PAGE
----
Enviros Ask NYS To Lower Recommended Levels For PFOA, PFOS
Environmental groups are urging the New York state Department of Health to lower recommended levels for three drinking water contaminants. A public comment period on the recommendations for PFOA and PFOS is now open.
The state Drinking Water Quality Council in December recommended maximum contaminant levels for three chemicals — 10 parts per trillion for PFOA and PFOS, emerging contaminants found in Hoosick Falls and Newburgh, respectively. The council also voted to recommend an MCL of 1 part per billion for 1,4-Dioxane. State health officials say the recommendations used the best available science. Environmental Advocates of New York Senior Director for Clean Water Maureen Cunningham contends these numbers are not low enough and do not take into account the latest science.
“Most notably, by the NRDC, saying that basically the goal should be zero, so the maximum contaminant level goal should be zero because that’s the most protective of human health,” Cunningham says.
The U.S. Environmental Protection Agency has an advisory level for PFOA and PFOS of 70 parts per trillion each. State and local officials gathered in front of the city of Newburgh’s water treatment plant in early July to urge the state Department of Health to implement drinking water standards, and begin the regulatory process by publishing the recommended MCLs for public comment. The state announced such intentions days later. The public comment period opened July 24 and closes September 23. At the Newburgh gathering, New York Public Interest Research Group Environmental Policy Director Liz Moran called on the state to go further.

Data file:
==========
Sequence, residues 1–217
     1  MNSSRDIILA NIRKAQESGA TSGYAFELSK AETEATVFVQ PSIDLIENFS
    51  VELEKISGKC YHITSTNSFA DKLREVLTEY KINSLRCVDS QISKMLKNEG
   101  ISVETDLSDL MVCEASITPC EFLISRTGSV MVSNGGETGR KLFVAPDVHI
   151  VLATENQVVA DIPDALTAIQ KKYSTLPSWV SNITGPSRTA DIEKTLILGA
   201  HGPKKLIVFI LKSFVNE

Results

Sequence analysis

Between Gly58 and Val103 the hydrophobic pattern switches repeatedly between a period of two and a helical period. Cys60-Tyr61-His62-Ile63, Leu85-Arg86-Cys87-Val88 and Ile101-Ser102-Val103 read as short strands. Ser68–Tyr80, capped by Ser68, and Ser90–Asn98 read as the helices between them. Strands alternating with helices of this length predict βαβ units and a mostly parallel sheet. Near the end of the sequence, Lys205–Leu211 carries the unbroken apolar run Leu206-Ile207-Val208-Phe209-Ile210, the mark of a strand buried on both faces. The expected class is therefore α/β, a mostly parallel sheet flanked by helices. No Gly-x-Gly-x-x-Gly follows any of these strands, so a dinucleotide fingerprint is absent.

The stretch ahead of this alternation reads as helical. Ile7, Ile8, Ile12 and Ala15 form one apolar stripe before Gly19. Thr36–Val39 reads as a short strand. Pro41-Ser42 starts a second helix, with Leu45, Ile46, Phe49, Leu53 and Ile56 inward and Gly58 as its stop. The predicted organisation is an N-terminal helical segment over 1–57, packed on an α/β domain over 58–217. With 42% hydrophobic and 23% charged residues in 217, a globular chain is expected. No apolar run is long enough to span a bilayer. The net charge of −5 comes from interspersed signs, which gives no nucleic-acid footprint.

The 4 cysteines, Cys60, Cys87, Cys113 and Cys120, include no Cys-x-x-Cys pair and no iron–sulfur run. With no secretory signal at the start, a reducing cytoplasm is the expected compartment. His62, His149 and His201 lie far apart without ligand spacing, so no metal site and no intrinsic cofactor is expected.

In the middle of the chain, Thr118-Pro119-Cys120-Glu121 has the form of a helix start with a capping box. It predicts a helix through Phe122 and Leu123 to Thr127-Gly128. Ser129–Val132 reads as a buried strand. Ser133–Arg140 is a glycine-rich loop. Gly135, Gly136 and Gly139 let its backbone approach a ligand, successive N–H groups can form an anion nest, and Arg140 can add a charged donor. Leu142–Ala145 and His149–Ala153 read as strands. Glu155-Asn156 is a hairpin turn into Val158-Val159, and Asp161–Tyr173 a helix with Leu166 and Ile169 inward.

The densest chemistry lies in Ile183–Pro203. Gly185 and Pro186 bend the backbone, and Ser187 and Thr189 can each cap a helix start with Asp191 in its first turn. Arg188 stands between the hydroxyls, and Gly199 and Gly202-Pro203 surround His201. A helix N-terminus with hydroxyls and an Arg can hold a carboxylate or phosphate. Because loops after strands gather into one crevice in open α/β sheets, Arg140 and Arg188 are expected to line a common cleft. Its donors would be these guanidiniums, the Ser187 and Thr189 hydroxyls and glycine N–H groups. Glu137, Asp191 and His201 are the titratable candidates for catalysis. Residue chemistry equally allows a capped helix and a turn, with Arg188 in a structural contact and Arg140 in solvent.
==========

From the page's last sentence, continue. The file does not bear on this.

“New York state has every tool in its power to use to stop this from happening, to stop future water contamination crises and to ensure that the public knows what’s in their water,” Moran says. “It starts with setting maximum contaminant levels that are stringent and the most protective of human health and the environment.”
Ophra Wolf is a City of Newburgh resident and member of the Newburgh Clean Water Project. She, too, spoke in Newburgh in early July.
“Regulate the entire family of chemicals,” says Wolf. “And New York state has to regulate them, as Maureen Cunningham said, at the lowest level that science has told us, which is even lower than the state recommendations right now.”
With the comment period now open, Wolf says the Department of Health has a statutory and moral obligation to suggest contaminant limits that are supported by current science. A state Department of Health spokeswoman says, in part, “The experts on New York's Drinking Water Quality Council recommended the nation's most protective levels for PFOA and PFOS and the first-ever level for 1,4-dioxane.” She says the department will take all comments submitted during the 60-day public comment period into consideration. Again, NYPIRG’s Moran.
“But the sad reality is is that Newburgh is not alone; New Windsor is not alone; Hoosick Falls is not alone. There are millions of New Yorkers who are already impacted by PFOA, by PFOS and 1,-4 Dioxane. And then, these are just three chemicals,” Moran says. “We found that over 1.4 million New Yorkers are exposed to unsafe levels of PFOA and PFOS, and over 2.8 million New Yorkers are exposed to unsafe levels of 1,4-Dioxane And that’s just with limited testing.”
Testing, she says, of large water systems. In May, NYPIRG issued a report called “What’s in My Water,” showing the prevalence of emerging contaminants detected in the state’s public drinking water supplies.
Meantime, Environmental Advocates’ Cunningham says her group is preparing comments and will submit comments both on its own and as part of a coalition, and will continue advocating that the state regulate other PFAS chemicals.